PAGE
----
Patios / Winter

Overwintering the patio

By The Secret Gardener

During the winter months we don't use the patio as much as in the summer. So now is the time to do a few simple jobs and maintenance to ensure everything gets through the winter without being damaged by the bad weather.

Plus, getting everything in order now gives you a head start when it comes to spring.


Look out for flowering plants like pansies and cyclamen, colourful evergreens like heather and conifer and even berrying shrubs like gaultheria and pernettya.
The Secret Gardener


One of the first things to do is to clean the patio. Now is a good time to get out and jetwash* the paving surface to clear away the stains.

You should also use an algaecide. Algae growing on the surface of patio will make it slippery and dangerous in wet, wintry weather. The last thing you want is to slip and fall while you're walking on the patio. Clean off the existing algae and dirt with a jetwash and stop it coming back by applying an algaecide.

Don't forget to spread some salt or grit over walkways when frost and snow is forecast. It means your patio will be clean and safe too.

*Bradstone does not recommend the regular use of jet/power washers on the decorative range of paving and walling, as this may affect the surface of the product over time.


Now is the time to protect tender or half-hardy plants that are growing in pots. Move them into a warmer spot to make sure they are shielded from frost. A greenhouse or unheated porch is ideal. Next, if you have any spare containers now is a good time to plant them up with hardy, colourful evergreens and winter-flowering plants.

Look out for flowering plants like pansies and cyclamen, colourful evergreens like heather and conifer and even berrying shrubs like gaultheria and pernettya.

The key thing with containers over winter is to prevent waterlogging. Soggy compost will rot and kill roots, so make sure excess rainwater can drain away. The top trick is to lift containers off the ground and onto pot feet. This creates a gap between the bottom of the pot and the ground to stop soil blockages.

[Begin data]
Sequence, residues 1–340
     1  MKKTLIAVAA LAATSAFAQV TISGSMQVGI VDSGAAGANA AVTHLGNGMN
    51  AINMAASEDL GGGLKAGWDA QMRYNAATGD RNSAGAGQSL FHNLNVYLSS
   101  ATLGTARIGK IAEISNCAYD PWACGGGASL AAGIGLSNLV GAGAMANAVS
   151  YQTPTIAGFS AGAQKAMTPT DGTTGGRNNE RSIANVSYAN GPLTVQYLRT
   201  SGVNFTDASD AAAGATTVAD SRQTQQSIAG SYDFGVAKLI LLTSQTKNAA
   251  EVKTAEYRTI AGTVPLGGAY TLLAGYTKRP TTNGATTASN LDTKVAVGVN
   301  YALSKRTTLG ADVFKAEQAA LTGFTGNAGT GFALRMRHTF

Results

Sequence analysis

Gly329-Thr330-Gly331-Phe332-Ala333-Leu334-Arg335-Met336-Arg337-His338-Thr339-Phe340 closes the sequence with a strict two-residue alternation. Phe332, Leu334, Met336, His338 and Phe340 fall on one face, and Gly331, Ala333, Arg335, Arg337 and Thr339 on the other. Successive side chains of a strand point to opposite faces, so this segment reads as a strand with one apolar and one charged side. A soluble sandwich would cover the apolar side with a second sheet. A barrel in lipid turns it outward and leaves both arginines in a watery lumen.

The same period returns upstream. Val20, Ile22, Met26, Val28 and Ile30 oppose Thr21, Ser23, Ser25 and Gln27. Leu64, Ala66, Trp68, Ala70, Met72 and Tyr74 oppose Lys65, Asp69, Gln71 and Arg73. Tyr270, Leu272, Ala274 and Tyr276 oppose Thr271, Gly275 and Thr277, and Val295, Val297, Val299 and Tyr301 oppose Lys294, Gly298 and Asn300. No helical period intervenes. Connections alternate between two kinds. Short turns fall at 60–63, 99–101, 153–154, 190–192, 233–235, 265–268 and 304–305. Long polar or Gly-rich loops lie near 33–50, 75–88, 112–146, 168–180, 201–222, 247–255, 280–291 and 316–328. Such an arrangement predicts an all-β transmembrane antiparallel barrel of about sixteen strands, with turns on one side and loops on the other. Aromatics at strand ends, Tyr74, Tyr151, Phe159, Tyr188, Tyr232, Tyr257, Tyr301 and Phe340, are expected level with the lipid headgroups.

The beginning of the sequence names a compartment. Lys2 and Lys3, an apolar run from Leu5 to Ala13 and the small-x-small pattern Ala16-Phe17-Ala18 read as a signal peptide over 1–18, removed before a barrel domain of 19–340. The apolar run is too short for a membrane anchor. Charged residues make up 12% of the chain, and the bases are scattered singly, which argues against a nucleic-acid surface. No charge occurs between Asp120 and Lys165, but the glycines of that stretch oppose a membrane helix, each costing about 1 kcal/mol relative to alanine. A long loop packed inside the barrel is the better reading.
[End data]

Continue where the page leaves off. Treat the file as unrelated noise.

You can buy pot feet from most garden centres. Or you can use wine corks – they are great at creating a gap to help water drain. The only problem is that if you have a lot of pots, you’re going to need to drink a lot of wine!

But you should also check containers that are up against the walls of your house. Because they sit underneath the eaves, they often don’t get as much rainfall as containers out in the open. If we have a dry spell you may need to water them over the winter.


Now is also the time to prepare things like garden furniture and children’s toys to prevent damage over winter. It is always best to cover patio furniture unless it is aluminium or rattan. Make sure to bring in any cushions or soft furnishings.

If you are covering furniture, move it all into one area to save space. You can buy special covers in garden centres that are perfect for putting over the top. Make sure to tie it securely. If you can, pack away children's toys into the shed or garage. And remove any summer solar lights that you don't need over winter. It’s better to turn them off, pack them up and put them safely in the shed.

Finally, double check your garden security. The evenings are darker now and you aren't in the garden as much, so make sure everything is locked up tight. Put a proper outdoor lock on the shed and make sure external and security lights are working.

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